GRAIN VALLEY, Mo. — The Owner-Operator Independent Drivers Association (OOIDA) says if the industry forges ahead with EPA2010 emissions standards, many truckers will be squeezed out of business as a result of higher purchase prices and unproven reliability.
The organization is appealing to US policymakers to postpone the 2010 emissions standards in light of a new study released by NERA Economic Consulting that suggested fleet managers will hesitate to buy new equipment with 2010 emissions controls.
“With record-high diesel fuel prices earlier this year, trucking companies have already faced nearly insurmountable challenges trying to stay in business,” said Todd Spencer, executive vice-president of OOIDA. “It’s the worst possible time for the trucking industry to take on a high stakes gamble with no known level of reliability of the technologies or return on investment.”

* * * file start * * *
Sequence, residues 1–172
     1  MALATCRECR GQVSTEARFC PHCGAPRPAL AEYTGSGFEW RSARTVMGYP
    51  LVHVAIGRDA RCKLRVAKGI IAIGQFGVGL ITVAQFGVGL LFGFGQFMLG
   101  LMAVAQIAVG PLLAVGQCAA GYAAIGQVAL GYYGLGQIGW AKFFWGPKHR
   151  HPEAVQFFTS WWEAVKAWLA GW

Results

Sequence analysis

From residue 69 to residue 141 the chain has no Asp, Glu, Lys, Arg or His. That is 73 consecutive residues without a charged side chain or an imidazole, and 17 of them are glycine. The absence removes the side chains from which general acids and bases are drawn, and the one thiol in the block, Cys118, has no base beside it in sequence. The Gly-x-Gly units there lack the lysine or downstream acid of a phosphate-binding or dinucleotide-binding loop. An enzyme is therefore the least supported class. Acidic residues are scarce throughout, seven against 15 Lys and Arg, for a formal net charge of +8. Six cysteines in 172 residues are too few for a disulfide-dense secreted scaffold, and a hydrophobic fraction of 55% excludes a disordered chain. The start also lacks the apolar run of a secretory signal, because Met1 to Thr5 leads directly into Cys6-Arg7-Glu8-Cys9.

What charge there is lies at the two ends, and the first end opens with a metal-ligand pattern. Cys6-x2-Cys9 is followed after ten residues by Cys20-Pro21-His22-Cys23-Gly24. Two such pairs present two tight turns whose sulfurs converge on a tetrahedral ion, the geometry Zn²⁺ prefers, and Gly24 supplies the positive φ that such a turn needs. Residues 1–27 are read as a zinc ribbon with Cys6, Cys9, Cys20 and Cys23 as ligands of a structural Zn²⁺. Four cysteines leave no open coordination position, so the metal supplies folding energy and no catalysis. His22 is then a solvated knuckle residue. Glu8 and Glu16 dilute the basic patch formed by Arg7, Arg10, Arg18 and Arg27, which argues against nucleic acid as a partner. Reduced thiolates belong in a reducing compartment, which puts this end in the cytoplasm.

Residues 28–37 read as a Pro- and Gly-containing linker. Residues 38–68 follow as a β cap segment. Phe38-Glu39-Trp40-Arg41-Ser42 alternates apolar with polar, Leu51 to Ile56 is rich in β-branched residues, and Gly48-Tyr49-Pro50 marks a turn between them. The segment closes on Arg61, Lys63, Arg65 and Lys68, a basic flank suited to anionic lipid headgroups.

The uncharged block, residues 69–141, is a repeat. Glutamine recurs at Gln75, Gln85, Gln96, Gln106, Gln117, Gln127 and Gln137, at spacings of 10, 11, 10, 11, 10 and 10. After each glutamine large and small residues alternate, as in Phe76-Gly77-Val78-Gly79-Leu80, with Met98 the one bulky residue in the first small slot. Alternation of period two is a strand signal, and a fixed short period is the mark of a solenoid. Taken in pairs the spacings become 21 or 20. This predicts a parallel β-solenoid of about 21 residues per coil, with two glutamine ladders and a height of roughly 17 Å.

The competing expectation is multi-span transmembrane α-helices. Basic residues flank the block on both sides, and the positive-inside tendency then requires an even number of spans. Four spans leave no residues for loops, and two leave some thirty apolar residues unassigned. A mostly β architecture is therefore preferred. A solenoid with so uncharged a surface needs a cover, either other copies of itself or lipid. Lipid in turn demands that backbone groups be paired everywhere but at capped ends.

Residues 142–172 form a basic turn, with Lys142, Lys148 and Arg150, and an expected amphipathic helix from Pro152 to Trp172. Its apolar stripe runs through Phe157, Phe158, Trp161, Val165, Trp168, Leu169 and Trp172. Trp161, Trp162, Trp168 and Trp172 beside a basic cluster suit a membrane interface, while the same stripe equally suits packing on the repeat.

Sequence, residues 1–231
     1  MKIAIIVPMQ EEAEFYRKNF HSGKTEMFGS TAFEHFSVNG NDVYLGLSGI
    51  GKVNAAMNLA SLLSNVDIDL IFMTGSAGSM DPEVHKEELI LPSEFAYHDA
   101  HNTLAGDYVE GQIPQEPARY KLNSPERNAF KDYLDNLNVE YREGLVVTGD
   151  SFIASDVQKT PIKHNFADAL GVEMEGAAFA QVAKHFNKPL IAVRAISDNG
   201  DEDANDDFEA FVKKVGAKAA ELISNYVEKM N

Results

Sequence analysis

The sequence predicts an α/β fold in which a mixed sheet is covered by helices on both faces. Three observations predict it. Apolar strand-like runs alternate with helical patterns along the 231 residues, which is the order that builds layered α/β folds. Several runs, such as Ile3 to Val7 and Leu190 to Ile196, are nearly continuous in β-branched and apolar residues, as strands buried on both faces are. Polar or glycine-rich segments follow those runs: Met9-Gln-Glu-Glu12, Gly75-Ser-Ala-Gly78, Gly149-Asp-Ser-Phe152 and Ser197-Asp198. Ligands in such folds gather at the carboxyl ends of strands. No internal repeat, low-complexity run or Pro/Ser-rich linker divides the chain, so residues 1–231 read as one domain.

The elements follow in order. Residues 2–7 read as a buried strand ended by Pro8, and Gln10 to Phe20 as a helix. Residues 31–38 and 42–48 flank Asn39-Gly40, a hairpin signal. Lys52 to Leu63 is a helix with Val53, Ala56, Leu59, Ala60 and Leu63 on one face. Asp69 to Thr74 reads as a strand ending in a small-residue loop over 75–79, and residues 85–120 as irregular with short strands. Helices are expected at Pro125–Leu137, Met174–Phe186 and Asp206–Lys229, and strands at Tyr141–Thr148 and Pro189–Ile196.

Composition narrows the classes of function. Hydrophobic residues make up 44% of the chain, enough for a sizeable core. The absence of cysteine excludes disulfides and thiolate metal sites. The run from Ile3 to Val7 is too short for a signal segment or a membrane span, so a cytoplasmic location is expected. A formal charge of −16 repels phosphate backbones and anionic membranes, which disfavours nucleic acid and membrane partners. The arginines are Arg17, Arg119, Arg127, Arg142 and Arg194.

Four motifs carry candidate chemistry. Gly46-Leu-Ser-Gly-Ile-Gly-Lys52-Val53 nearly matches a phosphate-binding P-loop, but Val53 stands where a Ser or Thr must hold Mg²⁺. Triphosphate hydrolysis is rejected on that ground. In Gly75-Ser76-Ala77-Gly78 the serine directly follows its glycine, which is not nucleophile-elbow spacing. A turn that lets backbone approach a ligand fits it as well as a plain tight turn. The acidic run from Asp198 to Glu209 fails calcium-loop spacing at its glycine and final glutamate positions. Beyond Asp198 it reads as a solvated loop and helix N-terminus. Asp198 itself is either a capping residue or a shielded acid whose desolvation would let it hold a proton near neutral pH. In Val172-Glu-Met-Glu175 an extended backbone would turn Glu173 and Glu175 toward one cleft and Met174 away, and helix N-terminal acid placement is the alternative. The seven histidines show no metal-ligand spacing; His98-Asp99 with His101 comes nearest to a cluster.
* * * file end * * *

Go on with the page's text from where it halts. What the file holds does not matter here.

OOIDA said Washington should push for a restructured timeline to allow for more breathing room and time to build confidence within the industry.
“With more time, the solutions will become much clearer and environmentally much cleaner,” added Spencer. “Otherwise, there will be a delay in the intended environmental benefit because there is a disincentive to purchasing the new technology. Truckers and fleets are simply going to hold onto their equipment for a longer period of time, if they are able to hold onto it at all.”
The NERA study, which can be reviewed on www.ooida.com, suggested that: trucks will cost considerably more in 2010 (US$7,000-$10,000); there are technological uncertainties that will be employed in 2010; and reduced environmental benefits will be realized due to a pre-buy or low-buy if the plan goes ahead.
Mack Trucks moved quickly to try to quash the OOIDA recommendation. Mack president and CEO Dennis Slagle, said “Mack is fully on track with SCR, a proven technology that delivers significantly better fuel economy, benefiting customers and the environment. Moving the goal post now is not necessary and unfair to those who have invested heavily and worked diligently to meet the clean air goals set out by the EPA.”
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